In March, Pfizer began testing 4,500 children in a three-age group trial for their COVID-19 vaccine. The groups included school-age children from 5 to 11, preschool-age children from 2 to 5, and infants from 6 months to 2 years old.
Pfizer said the vaccine for school-age kids is the same formula as the vaccine approved for adults, but with a smaller dose. On Friday, reports emerged that Pfizer was preparing to submit data for 5- to 11-year-olds in the coming weeks.
"The FDA wants to see data on the safety and side effects and the immunogenicity, how strong is the vaccine, in the older age group first, before they generally take it down," said Dr. John Bradley, the infectious diseases medical Director at Rady Children's Hospital in San Diego.
The FDA also announced Friday a new standard for pediatric COVID-19 vaccine trials. Clinical trials must include a two-month follow-up period after giving the final dose, where manufacturers monitor the effects of the vaccines. Bradley said that is the time frame for side effects to show up.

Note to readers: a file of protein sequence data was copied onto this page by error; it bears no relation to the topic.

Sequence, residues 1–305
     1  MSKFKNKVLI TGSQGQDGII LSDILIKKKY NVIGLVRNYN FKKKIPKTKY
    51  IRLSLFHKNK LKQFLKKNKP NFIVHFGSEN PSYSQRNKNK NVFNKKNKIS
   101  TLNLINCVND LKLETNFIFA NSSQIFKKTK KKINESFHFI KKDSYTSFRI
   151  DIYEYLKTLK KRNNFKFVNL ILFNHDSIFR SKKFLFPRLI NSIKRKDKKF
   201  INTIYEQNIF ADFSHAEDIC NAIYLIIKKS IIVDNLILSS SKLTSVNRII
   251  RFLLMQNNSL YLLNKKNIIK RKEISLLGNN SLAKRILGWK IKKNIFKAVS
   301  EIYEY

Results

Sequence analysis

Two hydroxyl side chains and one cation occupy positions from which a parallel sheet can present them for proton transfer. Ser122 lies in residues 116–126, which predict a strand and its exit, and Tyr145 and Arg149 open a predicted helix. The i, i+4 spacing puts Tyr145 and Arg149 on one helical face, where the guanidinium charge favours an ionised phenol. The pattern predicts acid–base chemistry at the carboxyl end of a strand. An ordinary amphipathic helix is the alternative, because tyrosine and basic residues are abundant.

"If there's fever, arthritis, myocarditis, any of those, generally [it appears] within the first two months," Bradley said.
Some parents question if vaccines are even necessary for children if the COVID-19 death rate of kids is less than 0.1%. But Bradley said infected children can still spread the virus to higher-risk people like grandparents. He believes vaccinating the youth would get the community back to normalcy.
"I want kids to get back to just being kids and playing with each other. And the key to that is immunization of all children," Bradley said.
Bradley believes that the FDA will grant Pfizer the EUA for its vaccine for 5- to 11-year-olds by next month. He thinks the COVID-19 vaccine will become a required shot for all children like Hepatitis and Tetanus within a few years.
Pfizer's COVID-19 vaccine has already received full approval from the FDA and CDC for everyone aged 12 and up.
This story was originally published by Rina Nakano on Scripps station KGTV in San Diego.